I keep thinking of more things to say, I’ll wait for your response before I say any of it.

    #1181278

    Baal Boose
    Participant

    Write or wrong.

    First of all, many many times the parents have an impossible task. King Chizkiyahu himself was foretold by a Novi of Hashem that his grandson will grow up wicked, and there was nothing he could do to prevent it. And he was a righteous and caring powerful king. The grandson? King Menashe!

    You could drop a hint that he can come with his friends for Friday night.

    Do you love Yiddishkeit? How do you express it? Are you happy?

    This is a tough one, but try and give him direction in life without preaching.

    Important; Make the home and the Shabbos table a happy and fun place to be.

    Please be moichel me if I have offended you.

    If you comment I will attempt to reply.

    #1181279

    computer777
    Member

    Wow: A computer in the hands of a frum erlicher person can make that person no longer frum nor erlich as has happened unfortunately to too many people (even those who still look & act frum). It is the absolute worst thing to get for a confused teenage boy.

    Hashem should give you koach and siyata dishmaya.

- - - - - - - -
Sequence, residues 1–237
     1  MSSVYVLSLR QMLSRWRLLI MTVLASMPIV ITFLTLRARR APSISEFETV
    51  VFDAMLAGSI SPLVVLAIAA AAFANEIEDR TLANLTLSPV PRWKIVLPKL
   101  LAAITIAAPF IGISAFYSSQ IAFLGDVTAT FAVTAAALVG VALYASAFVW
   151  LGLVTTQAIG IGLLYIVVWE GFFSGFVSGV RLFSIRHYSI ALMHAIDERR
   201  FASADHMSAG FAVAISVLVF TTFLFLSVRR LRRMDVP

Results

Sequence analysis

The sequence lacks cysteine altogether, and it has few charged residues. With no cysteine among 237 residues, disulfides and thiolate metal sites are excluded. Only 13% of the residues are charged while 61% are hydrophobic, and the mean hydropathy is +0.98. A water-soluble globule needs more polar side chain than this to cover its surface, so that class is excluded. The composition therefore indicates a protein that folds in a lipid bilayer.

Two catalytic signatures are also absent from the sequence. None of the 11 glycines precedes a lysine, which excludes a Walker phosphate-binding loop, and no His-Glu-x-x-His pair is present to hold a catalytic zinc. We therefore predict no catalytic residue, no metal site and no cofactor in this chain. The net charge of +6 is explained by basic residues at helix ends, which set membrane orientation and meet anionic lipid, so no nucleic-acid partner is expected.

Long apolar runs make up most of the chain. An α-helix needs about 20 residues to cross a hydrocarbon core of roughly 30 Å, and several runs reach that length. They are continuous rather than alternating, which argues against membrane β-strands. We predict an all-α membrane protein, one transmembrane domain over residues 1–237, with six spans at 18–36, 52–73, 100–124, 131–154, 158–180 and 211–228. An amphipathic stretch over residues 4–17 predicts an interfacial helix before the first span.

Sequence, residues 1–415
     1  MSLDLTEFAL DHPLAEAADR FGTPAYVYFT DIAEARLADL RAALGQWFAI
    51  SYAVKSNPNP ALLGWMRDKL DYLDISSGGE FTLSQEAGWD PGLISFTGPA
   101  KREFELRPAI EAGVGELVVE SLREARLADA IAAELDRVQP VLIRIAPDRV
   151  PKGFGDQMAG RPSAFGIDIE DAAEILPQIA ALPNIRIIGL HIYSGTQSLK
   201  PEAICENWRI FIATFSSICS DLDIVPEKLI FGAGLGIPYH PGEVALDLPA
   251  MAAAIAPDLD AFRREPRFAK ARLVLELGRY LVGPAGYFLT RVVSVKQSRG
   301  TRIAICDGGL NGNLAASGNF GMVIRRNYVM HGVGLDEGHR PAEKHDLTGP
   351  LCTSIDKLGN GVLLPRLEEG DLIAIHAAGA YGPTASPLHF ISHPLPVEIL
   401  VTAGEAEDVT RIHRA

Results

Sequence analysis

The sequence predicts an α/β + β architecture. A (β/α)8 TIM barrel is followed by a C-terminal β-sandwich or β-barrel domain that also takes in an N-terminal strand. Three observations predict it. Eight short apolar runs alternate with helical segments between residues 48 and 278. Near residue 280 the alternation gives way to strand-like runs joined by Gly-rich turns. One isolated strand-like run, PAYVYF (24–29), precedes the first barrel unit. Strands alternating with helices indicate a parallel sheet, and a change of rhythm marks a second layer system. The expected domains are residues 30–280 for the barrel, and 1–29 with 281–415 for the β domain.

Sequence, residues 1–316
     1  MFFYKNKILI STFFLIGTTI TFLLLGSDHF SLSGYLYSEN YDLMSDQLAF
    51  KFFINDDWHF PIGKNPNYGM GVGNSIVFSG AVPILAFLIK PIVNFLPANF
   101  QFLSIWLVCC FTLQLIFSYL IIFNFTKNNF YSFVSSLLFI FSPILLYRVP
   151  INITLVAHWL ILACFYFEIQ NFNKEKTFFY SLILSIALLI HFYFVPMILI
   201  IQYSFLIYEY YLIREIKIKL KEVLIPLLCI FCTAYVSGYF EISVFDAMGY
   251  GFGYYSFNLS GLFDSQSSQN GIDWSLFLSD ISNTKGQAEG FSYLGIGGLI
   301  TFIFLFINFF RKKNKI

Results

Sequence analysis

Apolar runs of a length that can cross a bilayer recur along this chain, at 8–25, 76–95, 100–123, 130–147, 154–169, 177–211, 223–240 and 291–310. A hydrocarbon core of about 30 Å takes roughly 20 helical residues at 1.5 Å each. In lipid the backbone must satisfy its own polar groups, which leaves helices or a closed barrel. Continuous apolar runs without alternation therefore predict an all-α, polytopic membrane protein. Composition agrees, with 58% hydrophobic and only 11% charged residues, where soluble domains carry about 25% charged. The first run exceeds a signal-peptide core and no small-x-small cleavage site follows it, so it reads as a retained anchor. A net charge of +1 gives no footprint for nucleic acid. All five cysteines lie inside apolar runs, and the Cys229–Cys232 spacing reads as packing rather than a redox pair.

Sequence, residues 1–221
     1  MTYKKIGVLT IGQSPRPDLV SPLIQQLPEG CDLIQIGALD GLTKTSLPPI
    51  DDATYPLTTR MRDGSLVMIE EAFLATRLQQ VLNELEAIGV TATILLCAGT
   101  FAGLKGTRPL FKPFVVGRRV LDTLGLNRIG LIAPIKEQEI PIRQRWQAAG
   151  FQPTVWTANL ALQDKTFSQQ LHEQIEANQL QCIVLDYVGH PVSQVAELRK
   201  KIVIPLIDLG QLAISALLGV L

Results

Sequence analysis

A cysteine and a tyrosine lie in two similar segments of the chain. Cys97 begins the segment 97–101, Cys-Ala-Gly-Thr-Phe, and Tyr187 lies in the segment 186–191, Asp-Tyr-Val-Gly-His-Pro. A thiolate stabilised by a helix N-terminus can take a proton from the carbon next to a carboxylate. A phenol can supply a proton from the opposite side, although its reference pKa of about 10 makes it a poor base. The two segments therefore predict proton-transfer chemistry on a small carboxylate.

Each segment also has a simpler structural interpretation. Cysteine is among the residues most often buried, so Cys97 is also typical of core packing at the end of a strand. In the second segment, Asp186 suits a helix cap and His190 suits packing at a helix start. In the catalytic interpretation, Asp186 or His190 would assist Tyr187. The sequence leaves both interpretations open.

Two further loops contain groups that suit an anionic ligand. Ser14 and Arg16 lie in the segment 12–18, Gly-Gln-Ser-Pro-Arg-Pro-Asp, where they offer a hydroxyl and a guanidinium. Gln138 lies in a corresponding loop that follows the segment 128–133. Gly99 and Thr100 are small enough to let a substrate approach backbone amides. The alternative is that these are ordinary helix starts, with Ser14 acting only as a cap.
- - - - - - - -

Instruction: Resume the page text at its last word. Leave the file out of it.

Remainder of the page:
#1181280

    sammy16
    Member

    If u were talking to the kid and not to the parent what would u tell him?

    #1181281

    write or wrong
    Participant

    EzratHashem-It’s hard not to care about what the community thinks, everyone tries to keep their kids away from these street boys, and now my son has become one of them! But I accept your point that we have to make him the priority, bc it would only validate his fears that we don’t care about him, if I was more worried about the neighbors.. I don’t know what else he might want, other than a computer, and it may be true that he has access to internet outside the house. Which is another reason I should try to keep him home

    Soliek-you make a lot of good points, so it sounds like I still don’t have any (good) leverage with him. I’d have to reason with him during a good moment and try to get him to agree with complying with house rules on his own. At this point, the house rules for him are to speak to his parents respectfully,as we speak to him, and to get rid of (or perhaps seriously reduce) his anger. I told him that as a parent, I am obligated to know where all my children are, who they are with and when they will be home. To some extent, he is trying to comply.